Whispers through the Black Gate Revision as of 22:48, 23 September 2019 by Dre
Winter Magnitude 30
Performing the Ritual
Performing this ritual takes at least 2 minutes of roleplaying. During the ritual the casters must be in a strong Winter regio. This ritual can only be cast at sunset.
During the ritual, the ritualists must clearly name a single dead character. Under normal circumstances, at the completion of the ritual a spirit will be summoned. If a spirit appears, it may be:
- the spirit of the dead character, who may be questioned for up to ten minutes. They know whatever they knew while they were alive. This outcome is most likely when attempting to summon the recently deceased.
- a different spirit, who may be questioned for up to ten minutes. It is believed that such spirits represent dead people who had a connection of some sort to the deceased (however tenuous).
- a dangerous spirit or spirits that may attempt to harm the ritualists spiritually or even physically.
Spirits summoned by this ritual are only aware of the ritualists who performed the ritual. Under normal circumstances it will not leave the regio where the ritual was performed and any interaction must take place there.
The ritual may fail to summon anything at all. If this happens, no mana is spent but anything else expended in the summoning (potions, once-per-day items, the ability of the coven to perform rituals together) are still expended.
The casters cannot predict in advance with absolute certainty which will appear. The longer it has been since the named character died, the more likely it is that something other than that character's spirit will appear or that the ritual will simply fail. If the ritual is performed using the name of someone who is not dead, or it is not clear who is intended to be summoned, the ritual is most likely to fail or result in a hostile spirit.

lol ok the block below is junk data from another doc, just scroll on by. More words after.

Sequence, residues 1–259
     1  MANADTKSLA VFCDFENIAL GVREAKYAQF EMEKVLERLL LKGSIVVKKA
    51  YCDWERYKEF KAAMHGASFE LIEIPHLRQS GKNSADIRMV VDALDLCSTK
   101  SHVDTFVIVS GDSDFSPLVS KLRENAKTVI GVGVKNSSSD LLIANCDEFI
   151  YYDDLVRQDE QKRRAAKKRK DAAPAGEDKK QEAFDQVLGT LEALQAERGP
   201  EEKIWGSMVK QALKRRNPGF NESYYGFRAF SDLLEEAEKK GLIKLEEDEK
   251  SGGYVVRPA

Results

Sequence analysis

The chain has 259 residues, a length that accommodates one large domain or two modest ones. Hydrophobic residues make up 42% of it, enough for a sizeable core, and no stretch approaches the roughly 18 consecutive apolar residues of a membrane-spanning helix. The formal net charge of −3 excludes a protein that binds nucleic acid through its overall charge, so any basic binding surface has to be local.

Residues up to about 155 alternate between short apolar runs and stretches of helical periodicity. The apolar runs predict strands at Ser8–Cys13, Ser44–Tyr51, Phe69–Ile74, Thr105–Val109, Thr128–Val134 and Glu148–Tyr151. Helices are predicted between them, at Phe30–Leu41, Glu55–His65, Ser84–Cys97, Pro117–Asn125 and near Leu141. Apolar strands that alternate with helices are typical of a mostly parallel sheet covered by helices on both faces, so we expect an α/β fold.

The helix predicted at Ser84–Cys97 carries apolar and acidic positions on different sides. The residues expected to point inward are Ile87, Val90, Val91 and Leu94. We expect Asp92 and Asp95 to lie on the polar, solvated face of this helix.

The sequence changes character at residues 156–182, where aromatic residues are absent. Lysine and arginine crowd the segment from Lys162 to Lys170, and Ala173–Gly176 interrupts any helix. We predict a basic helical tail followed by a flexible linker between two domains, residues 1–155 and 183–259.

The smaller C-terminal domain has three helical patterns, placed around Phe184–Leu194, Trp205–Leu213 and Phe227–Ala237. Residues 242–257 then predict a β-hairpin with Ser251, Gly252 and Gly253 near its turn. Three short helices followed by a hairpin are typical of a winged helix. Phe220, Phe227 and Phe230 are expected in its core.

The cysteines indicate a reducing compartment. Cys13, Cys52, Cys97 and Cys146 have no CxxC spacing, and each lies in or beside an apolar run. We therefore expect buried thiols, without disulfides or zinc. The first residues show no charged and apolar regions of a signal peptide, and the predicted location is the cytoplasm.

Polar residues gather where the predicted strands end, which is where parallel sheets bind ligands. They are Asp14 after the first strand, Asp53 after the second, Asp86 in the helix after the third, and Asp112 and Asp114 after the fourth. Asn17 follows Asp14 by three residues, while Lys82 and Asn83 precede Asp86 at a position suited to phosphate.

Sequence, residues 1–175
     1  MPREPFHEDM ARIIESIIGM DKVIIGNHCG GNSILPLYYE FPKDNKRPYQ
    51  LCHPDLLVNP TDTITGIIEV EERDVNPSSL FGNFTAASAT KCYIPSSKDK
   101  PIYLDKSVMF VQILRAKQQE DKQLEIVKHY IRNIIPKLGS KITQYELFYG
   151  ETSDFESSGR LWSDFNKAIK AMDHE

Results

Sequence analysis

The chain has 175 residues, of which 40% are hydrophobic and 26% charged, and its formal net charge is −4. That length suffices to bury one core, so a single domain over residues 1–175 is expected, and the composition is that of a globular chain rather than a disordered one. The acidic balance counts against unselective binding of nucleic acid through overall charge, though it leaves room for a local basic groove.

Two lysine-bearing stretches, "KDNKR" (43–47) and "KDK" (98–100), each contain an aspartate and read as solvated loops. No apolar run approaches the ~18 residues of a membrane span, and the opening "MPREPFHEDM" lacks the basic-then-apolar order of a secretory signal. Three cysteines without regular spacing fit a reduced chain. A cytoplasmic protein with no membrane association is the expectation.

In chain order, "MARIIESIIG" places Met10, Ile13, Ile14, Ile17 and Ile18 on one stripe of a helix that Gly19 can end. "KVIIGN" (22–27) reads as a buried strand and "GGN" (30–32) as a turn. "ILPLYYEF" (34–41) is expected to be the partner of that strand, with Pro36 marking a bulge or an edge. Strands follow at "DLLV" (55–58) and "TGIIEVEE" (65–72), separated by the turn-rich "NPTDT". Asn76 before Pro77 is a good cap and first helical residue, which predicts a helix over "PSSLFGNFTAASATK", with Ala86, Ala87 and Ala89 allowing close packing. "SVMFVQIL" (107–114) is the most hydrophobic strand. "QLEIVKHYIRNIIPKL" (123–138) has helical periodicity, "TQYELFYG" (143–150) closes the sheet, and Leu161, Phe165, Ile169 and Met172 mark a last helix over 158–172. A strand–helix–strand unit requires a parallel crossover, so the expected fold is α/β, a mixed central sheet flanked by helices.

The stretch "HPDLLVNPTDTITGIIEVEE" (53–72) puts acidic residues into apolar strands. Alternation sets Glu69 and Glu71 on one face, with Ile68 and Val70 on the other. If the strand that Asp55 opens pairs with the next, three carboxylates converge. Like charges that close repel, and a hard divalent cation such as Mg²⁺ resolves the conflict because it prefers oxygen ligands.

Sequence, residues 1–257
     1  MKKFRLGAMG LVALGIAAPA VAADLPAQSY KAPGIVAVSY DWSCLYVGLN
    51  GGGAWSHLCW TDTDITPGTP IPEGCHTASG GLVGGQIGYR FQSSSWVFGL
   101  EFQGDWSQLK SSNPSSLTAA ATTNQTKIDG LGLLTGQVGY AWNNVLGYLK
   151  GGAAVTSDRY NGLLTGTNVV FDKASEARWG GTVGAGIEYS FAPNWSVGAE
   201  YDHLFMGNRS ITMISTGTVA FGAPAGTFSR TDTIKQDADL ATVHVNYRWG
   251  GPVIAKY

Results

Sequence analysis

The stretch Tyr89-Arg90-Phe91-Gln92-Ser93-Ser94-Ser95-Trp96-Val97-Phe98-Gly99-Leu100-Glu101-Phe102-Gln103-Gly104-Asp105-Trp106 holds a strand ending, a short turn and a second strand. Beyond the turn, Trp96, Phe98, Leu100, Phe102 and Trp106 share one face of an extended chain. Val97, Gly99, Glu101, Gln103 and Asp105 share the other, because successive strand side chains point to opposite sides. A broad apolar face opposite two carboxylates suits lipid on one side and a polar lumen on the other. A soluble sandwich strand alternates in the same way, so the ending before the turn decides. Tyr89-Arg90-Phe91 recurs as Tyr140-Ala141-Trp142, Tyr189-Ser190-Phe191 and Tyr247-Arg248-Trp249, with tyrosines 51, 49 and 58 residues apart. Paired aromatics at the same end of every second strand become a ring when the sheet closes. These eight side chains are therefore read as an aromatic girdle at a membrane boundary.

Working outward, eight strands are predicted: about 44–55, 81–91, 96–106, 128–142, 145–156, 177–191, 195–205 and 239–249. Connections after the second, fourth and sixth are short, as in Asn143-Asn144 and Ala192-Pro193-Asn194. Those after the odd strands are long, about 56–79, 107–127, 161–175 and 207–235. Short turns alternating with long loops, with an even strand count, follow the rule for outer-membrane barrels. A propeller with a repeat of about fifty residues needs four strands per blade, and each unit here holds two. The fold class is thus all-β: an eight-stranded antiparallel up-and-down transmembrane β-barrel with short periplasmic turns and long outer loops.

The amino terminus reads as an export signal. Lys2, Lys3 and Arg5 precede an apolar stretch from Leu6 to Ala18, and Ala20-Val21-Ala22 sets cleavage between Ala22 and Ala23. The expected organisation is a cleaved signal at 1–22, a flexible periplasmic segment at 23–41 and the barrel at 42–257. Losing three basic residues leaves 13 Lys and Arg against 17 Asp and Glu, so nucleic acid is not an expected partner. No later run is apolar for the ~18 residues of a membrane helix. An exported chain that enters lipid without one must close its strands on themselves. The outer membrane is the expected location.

It can be risky to summon someone who has been dead longer than a year. Certain items connected to the spirit in some fashion make this a less risky proposition. It is not possible to use just any item in this manner however; the detect magic spell will explicitly indicate if an item can be used as a focus for Whispers through the Black Gate, and who will be summoned if it is used in this fashion. Such items are generally usable only once however.
You may call an additional spirit by increasing the magnitude of the spell by 15 for each additional spirits. All spirits appear simultaneously and depart simultaneously.
The ritualists may consume up to 5 measures of liao as part of the ritual. Every measure consumed in this way reduces the magnitude of the ritual by 2.
If you plan to perform this ritual, you will need to let the main referee desk in GOD know at least two hours in advance, or longer if we need to track the player of a dead character down ourselves. If we are unable to obtain the player, or they do not wish their character to be summoned, one of the other outcomes will occur. If we are able to obtain the player then the first option will usually occur.